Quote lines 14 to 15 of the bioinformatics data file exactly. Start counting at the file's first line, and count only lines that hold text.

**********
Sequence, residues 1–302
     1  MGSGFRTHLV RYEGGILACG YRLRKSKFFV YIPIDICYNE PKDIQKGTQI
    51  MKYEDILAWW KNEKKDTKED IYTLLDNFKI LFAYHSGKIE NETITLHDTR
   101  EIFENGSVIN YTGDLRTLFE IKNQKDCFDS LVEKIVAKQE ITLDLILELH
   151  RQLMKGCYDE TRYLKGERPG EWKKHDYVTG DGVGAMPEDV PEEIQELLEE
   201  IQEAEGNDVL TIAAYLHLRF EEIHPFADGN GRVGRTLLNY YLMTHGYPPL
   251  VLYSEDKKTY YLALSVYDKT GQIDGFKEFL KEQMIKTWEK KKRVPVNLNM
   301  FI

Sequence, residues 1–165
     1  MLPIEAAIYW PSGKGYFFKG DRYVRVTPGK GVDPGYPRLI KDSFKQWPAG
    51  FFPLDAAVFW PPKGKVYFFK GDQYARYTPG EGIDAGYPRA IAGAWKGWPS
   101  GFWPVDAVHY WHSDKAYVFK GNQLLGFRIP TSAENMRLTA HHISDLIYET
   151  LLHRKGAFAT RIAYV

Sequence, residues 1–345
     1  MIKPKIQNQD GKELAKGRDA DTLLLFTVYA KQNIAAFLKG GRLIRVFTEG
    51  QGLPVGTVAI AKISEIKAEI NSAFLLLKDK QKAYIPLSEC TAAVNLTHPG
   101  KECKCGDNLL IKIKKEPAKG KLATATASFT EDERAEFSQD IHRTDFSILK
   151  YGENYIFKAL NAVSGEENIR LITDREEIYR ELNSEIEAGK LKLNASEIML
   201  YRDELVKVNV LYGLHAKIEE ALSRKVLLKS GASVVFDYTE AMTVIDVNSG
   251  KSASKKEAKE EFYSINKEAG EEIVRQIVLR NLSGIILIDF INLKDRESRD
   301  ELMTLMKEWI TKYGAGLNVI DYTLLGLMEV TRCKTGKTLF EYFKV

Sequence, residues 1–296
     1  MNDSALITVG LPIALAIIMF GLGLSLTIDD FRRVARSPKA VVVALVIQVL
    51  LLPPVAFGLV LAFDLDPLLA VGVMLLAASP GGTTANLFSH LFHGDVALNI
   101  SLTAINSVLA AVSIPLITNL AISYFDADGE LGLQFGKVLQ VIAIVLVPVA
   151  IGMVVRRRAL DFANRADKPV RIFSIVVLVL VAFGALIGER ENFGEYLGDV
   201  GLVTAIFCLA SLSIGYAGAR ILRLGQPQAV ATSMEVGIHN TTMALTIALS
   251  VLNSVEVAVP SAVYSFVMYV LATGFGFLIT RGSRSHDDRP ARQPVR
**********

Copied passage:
Sequence, residues 1–345
     1  MIKPKIQNQD GKELAKGRDA DTLLLFTVYA KQNIAAFLKG GRLIRVFTEG